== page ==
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Evolving Standards of Indigenous Peoples Engagement and Managing Project Risk

[+] Author Affiliations
Bruce D. Vincent

Wood Environment & Infrastructure Solutions, Calgary, AB, Canada

Indra L. Maharaj

Prima Regulatory Consulting, Inc., Calgary, AB, Canada

Paper No. IPC2018-78319, pp. V002T02A001; 9 pages
doi:10.1115/IPC2018-78319
From:
  • 2018 12th International Pipeline Conference
  • Volume 2: Pipeline Safety Management Systems; Project Management, Design, Construction, and Environmental Issues; Strain Based Design; Risk and Reliability; Northern Offshore and Production Pipelines
  • Calgary, Alberta, Canada, September 24–28, 2018
  • Conference Sponsors: Pipeline Division
  • ISBN: 978-0-7918-5187-6
  • Copyright © 2018 by ASME

abstract

The standards for Indigenous engagement are evolving rapidly in Canada. The risks to project approvals and schedules, based on whether consultation has been complete, have been recently demonstrated by the denial of project permits and protests against projects. Indigenous rights and the duty to consult with affected Indigenous groups is based on the Constitution Act, 1982 and has been, and is being, better defined through case law. At the same time, international standards, including the International Finance Corporation Performance Standards and the United Nations Declaration on the Rights of Indigenous Peoples, are influencing government and corporate policies regarding consultation. The Government of Canada is revising policies and project application review processes, to incorporate the recommendations of the Truth and Reconciliation Commission of Canada; that Commission specifically called for industry to take an active role in reconciliation with Canada’s Indigenous peoples. Pipeline companies can manage cost, schedule and regulatory risks to their projects and enhance project and corporate social acceptance through building and maintaining respectful relationships and creating opportunities for Indigenous participation in projects.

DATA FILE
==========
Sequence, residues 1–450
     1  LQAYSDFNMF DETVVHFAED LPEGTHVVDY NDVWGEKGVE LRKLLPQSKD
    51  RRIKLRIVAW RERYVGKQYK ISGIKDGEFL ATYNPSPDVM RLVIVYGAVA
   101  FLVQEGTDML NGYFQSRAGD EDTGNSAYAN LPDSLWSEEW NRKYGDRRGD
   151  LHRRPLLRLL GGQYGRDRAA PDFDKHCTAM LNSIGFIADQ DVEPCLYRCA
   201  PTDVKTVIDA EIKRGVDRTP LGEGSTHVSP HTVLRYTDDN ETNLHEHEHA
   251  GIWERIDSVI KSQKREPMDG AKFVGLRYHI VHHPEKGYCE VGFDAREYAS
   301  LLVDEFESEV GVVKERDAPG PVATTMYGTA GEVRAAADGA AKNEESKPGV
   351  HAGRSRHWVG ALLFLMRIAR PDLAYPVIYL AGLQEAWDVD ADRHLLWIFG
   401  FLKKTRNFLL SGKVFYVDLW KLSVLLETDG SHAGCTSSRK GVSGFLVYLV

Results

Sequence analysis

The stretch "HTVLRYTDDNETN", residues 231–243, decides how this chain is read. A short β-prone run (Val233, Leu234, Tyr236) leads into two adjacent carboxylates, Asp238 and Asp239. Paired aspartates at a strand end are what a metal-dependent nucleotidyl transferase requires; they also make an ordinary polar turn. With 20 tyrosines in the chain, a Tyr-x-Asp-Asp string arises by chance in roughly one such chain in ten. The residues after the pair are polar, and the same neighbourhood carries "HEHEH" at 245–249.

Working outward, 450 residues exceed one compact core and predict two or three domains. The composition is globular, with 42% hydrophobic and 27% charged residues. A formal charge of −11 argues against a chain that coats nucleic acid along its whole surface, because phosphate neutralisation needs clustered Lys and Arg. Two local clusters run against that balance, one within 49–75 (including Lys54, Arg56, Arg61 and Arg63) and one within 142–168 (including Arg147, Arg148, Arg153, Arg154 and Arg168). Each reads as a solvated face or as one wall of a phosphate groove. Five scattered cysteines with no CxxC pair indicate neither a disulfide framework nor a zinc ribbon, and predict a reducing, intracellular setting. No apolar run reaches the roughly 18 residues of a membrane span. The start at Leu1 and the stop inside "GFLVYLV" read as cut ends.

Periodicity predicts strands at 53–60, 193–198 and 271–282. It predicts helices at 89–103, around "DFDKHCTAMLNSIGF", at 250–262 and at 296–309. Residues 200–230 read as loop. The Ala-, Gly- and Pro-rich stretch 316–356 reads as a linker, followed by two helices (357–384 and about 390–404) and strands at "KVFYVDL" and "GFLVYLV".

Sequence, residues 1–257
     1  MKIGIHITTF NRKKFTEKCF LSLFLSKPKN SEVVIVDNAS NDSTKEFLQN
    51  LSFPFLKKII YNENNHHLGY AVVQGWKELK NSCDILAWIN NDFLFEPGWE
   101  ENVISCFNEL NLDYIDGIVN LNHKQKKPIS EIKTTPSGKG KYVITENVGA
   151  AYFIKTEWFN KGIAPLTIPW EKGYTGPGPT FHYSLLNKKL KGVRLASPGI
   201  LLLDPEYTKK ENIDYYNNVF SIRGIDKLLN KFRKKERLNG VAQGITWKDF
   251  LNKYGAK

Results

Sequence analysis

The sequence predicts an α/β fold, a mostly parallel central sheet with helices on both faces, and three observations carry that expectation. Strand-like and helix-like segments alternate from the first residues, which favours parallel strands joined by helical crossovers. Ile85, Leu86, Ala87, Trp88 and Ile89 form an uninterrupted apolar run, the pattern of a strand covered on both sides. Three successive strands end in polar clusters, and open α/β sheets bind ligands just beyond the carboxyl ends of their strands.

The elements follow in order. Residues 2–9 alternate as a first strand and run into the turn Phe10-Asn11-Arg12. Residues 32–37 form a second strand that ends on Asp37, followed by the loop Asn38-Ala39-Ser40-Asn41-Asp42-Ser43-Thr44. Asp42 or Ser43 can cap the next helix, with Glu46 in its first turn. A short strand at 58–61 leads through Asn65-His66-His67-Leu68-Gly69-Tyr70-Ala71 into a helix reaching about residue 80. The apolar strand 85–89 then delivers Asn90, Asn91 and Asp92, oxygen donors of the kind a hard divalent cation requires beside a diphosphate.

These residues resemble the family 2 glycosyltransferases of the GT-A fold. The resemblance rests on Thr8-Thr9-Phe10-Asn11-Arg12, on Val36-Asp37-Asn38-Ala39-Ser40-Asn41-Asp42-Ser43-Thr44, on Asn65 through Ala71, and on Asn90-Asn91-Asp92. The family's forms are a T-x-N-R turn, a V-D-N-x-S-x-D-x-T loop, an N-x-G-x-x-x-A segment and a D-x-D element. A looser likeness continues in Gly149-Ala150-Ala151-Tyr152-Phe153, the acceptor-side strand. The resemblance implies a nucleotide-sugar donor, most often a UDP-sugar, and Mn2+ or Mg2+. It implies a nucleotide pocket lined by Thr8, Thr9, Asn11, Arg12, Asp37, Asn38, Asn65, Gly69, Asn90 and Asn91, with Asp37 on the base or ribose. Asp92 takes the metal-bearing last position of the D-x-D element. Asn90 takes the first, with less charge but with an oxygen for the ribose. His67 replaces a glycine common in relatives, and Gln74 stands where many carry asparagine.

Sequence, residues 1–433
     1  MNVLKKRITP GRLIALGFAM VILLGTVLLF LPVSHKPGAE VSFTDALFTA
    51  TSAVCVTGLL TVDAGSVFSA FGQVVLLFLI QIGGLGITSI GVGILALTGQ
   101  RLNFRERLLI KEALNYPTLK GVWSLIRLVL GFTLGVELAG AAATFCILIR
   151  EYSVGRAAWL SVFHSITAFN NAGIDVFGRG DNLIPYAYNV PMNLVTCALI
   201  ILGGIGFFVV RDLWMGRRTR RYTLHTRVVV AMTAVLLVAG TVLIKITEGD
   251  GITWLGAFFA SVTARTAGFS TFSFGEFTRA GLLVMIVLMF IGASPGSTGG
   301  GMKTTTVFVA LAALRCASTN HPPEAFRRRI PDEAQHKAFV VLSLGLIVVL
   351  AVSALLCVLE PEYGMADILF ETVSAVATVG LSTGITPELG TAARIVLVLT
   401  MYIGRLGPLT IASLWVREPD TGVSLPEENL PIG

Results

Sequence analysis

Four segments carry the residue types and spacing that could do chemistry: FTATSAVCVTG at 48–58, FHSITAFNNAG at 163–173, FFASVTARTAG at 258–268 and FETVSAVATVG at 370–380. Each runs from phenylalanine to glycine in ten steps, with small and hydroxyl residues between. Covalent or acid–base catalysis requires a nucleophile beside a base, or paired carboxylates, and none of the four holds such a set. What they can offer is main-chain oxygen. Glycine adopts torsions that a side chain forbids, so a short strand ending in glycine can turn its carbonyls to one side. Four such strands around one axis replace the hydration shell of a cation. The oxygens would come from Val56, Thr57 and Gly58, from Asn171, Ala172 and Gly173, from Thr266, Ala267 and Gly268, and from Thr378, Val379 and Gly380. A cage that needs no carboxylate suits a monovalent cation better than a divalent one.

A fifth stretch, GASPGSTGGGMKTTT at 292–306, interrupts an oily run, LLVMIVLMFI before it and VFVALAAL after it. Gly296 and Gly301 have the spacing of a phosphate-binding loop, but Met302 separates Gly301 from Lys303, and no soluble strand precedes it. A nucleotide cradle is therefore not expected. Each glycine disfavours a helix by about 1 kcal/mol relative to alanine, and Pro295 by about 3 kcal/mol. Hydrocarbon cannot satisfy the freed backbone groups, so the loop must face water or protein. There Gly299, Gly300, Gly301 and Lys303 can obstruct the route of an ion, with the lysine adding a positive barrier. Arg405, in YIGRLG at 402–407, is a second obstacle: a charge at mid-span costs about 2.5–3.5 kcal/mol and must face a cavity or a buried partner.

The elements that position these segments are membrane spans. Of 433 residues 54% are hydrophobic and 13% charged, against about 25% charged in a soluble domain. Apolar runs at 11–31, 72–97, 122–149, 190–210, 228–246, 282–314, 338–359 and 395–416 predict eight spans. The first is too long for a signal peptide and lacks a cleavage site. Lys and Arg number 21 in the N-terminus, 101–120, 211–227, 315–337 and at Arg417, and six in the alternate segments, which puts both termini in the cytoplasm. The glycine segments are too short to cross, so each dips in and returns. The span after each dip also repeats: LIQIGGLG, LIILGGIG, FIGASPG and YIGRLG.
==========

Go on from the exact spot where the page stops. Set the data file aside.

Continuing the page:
Copyright © 2018 by ASME

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